Myspace is not dead at all
facebook is dying out
facebook was a fad which is going out now
myspace offers so much more than facebook will ever offer
1. Traffic. No one can deny the masses that click their way to MySpace everyday. Hitwise data from December 2006 puts MySpace at No. 1, ahead of both Yahoo! and Google. They also have two subdomains in the Top 20. The mail domain comes in at No. 5 in traffic and their blog platform is No. 14. Facebook has respectable traffic, but fails to crack the Top 10. Want user data? How ’bout 155 million-plus and growing.
2. Brand leader. MySpace has become synonymous with “social networking for the masses.” Facebook, which used to have firm residence in the hip, college-only market position is now trying to out-MySpace MySpace. Ain’t happenin’.
3. Media powerhouse. Videos, music, concerts, films, comedy acts, IM and photos help make MySpace an impressive outlet to consume media today and is sure to only get more dominant in the future.
4. Rock ‘n’ roll will never die. In light of last night’s Grammy’s, one can’t deny the lock MySpace has as a centerpiece for every band that’s currently putting out music. Allowing users to feel like their one degree away from their favorite rock (and other categories) stars is a good position to be in.
5. Mo’ money. MySpace has an ownership with mega-wads of cash. Facebook doesn’t.
6. Rupert Murdoch. Don’t underestimate the power of experienced leadership, especially if that experience “gets it.” Murdoch is as smart as they come and knows media as well as anyone in the world. His empire is scary impressive.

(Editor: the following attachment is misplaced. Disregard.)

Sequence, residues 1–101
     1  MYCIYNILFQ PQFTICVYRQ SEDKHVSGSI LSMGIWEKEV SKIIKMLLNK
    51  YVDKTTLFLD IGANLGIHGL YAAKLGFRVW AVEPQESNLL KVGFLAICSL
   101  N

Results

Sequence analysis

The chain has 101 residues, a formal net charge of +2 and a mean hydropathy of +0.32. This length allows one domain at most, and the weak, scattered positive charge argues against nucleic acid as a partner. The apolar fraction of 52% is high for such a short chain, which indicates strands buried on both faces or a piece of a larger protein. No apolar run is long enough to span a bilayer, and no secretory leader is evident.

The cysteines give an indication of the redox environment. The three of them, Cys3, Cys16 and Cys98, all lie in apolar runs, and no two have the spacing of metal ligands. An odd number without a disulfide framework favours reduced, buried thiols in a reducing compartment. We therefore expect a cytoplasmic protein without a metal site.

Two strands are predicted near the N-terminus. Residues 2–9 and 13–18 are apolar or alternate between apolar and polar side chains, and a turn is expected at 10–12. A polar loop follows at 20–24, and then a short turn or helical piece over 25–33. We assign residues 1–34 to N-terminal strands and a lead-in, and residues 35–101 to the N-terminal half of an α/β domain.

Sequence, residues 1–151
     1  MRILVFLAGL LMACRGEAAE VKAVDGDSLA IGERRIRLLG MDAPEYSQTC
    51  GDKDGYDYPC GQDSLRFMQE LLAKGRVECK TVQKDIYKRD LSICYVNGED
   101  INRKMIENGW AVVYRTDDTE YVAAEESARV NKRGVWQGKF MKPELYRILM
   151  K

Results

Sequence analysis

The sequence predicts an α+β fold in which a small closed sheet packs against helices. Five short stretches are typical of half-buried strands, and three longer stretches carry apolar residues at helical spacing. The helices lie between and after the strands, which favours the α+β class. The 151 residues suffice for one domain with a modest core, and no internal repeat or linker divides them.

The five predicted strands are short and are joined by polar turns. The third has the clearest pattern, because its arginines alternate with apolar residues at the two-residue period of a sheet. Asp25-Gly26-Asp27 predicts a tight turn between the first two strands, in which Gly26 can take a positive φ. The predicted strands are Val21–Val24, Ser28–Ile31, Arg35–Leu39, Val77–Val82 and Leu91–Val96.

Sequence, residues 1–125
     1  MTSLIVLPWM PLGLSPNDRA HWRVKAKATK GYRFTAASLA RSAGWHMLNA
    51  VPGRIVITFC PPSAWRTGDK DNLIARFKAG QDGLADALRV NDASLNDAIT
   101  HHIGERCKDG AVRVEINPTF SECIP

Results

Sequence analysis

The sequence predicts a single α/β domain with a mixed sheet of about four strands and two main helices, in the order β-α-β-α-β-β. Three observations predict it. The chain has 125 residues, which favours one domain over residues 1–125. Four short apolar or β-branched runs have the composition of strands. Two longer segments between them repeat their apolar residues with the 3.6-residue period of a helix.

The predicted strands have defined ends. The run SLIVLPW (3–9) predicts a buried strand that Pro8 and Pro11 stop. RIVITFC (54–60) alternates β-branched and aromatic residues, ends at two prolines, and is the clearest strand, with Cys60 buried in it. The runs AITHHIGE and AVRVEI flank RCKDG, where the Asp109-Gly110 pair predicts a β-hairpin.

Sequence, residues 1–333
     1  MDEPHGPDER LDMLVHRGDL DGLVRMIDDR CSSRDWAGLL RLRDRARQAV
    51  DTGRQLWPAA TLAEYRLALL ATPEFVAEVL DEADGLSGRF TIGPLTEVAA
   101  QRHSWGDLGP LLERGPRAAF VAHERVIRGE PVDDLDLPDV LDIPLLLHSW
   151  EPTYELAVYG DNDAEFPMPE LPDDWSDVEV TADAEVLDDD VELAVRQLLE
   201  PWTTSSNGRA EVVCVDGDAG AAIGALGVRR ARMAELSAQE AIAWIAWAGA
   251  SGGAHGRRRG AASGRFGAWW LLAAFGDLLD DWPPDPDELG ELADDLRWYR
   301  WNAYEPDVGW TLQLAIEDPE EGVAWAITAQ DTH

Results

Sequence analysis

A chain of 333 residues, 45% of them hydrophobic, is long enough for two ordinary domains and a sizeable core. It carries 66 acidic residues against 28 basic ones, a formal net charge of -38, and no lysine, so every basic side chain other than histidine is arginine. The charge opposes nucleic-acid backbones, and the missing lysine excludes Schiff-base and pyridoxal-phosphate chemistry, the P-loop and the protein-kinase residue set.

7. Unique URLs. I can promote my own MySpace page using the following URL: http://www.myspace.com/jcheesman.
Promoting my Facebook page isn’t as clear-cut. The growing number of movies and other media properties promoting their MySpace URLs in commercials and other mediums will only make this more important. Do you own myspace.com/YOURBRAND? You should.
8. Customizable pages. With varying degrees of Web design know-how, MySpace pages are easily customizable, even to the point where your page can vaguely look like MySpace at all. The Marines’ MySpace page is a good example of this. Facebook doesn’t allow such customization that I’m aware of. The only exception is for sponsors, and those seem to come with limitations and a price tag.
9. News Corporation and phat partners. If you take a look at the monster network MySpace belongs to known as News Corporation, it’s big and far-reaching. MySpace is global. And they have Google under contract to the tune of $900 million through 2010 running their search engine and contextual ads. EBay may be next. If things ever got bad at MySpace, falling back on such reserves is comforting.
10. Classifieds. MySpace has a platform by which users can post classifieds for free. No, it’s not Craigslist, but it’s a far greater leap than Facebook has made. The social networking leader is also in talks with eBay to deliver an auction platform. As far as jobs are concerned, MySpace users have access to the millions of jobs currently at Simply Hired as well. Will the deal with Jobster – who will have about the same job content as MySpace – make a big difference? We’ll have to wait and see. Interestingly, jobs posted on MySpace fail to make it to the vertical job search engines that I checked. Wonder why? At a minimum they should be on partner site Simply Hired.
Don’t get me wrong. I think Facebook is a fine site. But with up-and-coming hipsters like Bebo and Stickam, it’s going to take a lot for Facebook to get-to and compete on a Google or Yahoo! level. A place MySpace already calls home.